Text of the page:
the establishment of a postgraduate research diagnostic laboratory at SMBBMU, strengthening of water and sewerage infrastructure at Karachi University and development of Dawood University of Engineering and Technology.
The up-gradation of the Government College of Technology into a university of technology and skill development (Khairpur) was included in the 2016-17 budget, which has been repeated in the new schemes section this year, as the project never gained approval. The 2016-17 documents stated that the project was being completed in collaboration with the federal government – Rs. 1.5 billion would be the federal government’s share while Rs. 1.5 billion would be the Sindh government’s – but the 2017-18 budget book stated that the project would receive Rs. 892 million from the Sindh government and Rs. 1.5 billion from the Centre.
Sindh Technical Education and Vocational Training Authority’s budgetary allocation has not been increased but seven schemes have been included in the new schemes section. Two different projects for the establishment of government vocational centres for girls have been ongoing since last year and a similar scheme has been added for other districts. Four units of vocational centres in Shaheed Benazirabad, Khairpur, Kamber-Shahdadkot and Tando Allahyar are to be constructed at a cost of Rs. 92 million.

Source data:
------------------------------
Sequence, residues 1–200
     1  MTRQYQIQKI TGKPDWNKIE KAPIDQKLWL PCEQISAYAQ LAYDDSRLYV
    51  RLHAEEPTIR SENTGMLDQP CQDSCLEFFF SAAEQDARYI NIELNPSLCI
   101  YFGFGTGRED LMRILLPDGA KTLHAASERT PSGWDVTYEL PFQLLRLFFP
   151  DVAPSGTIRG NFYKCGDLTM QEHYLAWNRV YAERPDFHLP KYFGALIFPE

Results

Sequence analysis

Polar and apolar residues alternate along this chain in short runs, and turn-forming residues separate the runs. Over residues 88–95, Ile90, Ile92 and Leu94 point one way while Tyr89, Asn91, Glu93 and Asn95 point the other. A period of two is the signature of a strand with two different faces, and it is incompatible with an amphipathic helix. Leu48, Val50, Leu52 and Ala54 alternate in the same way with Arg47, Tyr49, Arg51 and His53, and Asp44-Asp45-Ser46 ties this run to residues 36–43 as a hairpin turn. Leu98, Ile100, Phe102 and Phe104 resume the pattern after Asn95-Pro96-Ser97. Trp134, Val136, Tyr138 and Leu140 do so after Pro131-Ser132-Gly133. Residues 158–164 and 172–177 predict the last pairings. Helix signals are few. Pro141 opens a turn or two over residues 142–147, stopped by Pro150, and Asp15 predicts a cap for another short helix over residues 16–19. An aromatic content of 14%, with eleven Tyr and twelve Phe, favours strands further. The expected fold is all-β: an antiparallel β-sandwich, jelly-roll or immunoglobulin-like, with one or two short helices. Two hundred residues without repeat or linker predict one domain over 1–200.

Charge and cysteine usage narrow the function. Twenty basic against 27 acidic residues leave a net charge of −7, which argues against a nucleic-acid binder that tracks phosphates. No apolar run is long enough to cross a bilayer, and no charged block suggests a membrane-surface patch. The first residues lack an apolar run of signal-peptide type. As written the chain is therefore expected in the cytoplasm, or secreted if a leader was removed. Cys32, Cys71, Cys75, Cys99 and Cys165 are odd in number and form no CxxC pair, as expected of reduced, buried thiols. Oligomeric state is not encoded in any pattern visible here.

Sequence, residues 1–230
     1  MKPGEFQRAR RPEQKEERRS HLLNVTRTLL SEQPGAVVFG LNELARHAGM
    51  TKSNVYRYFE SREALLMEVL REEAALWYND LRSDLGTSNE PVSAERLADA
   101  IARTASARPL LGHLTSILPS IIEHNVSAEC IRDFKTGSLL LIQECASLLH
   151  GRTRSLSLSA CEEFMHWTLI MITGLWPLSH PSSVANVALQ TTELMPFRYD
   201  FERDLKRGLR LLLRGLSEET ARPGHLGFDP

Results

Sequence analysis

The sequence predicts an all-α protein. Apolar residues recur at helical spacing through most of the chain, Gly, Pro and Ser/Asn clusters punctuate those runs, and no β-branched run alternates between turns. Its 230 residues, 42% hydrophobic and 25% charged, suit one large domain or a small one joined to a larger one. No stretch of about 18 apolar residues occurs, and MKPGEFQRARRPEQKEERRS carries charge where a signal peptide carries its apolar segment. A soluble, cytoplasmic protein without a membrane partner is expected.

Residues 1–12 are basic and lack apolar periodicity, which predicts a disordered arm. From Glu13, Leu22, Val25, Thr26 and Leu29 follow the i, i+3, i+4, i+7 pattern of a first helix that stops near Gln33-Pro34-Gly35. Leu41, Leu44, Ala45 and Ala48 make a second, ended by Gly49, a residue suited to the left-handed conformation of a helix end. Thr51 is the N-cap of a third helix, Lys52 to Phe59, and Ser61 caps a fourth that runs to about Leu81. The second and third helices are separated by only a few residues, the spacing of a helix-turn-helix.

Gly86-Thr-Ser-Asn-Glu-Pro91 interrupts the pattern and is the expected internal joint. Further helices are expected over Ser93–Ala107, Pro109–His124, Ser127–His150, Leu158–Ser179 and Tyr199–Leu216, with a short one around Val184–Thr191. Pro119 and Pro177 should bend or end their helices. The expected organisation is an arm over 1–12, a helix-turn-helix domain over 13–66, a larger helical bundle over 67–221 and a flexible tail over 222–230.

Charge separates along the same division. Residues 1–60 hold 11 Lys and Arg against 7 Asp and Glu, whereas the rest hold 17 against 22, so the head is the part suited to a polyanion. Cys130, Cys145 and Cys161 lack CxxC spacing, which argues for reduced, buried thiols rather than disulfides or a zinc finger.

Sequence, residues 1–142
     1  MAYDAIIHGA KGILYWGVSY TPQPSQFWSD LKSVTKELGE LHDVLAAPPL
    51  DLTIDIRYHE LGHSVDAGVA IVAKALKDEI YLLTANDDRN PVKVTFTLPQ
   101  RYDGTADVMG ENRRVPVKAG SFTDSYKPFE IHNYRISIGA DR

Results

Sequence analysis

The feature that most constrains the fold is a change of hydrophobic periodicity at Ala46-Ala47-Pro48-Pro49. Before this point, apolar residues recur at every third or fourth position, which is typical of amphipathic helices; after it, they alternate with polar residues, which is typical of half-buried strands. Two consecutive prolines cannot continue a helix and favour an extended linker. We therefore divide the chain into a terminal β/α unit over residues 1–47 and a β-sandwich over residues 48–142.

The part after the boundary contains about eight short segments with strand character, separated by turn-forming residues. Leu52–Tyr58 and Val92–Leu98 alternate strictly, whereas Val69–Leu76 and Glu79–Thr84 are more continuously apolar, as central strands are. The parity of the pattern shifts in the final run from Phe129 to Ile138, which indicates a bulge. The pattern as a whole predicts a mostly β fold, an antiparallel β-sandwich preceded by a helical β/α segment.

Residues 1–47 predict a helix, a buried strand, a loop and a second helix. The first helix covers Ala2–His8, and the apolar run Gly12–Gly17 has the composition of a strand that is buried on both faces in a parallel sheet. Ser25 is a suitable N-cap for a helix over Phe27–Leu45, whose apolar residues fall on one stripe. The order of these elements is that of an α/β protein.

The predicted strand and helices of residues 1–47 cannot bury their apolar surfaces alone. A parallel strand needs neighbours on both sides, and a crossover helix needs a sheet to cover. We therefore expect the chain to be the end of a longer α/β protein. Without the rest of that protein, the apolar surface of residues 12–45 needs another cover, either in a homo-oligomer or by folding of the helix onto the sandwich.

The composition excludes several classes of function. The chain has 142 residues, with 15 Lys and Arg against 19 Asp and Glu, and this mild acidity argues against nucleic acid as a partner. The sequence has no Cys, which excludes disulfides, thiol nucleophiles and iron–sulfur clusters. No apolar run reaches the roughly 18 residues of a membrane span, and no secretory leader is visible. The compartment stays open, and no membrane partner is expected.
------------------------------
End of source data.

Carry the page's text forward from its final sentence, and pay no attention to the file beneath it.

As far as education for special children is concerned, the main scheme included in the new budget is establishment of an audiovisual library at the special education complex in Karachi. Last year’s main highlight – the construction of an autism centre in Karachi – was just approved and the land has been allocated. According to the 2016-17 budget books, the project was to be completed by June, 2018, but the upcoming budget states that the date of completion will be June 2020 with the estimated cost increased by Rs. 188.4 million from the Rs. 100 million estimated in 201617.
The college education, which received Rs. 4.5 billion last year, has been allocated Rs. 5 billion in the current fiscal year. The ongoing schemes include the establishment and completion of cadet colleges in Mithi, Shaheed Benazirabad, Dadu, Khairpur, Karampur, Kahirpur, Kashmore, Sukkur, Ghotki, Larkana and Jacobabad. The department does not have any new schemes.
According to the budget book, the biggest chunk of the Rs. 21.2 billion would be spent on the school education department. The total Rs. 11.2 billion allocation has been divided into Rs. 3.7 billion for elementary education, Rs. 5.08 for secondary education, Rs. 239 million for teacher education, Rs. 625 for the Sindh Education Foundation and Rs. 1.58 billion for miscellaneous schemes.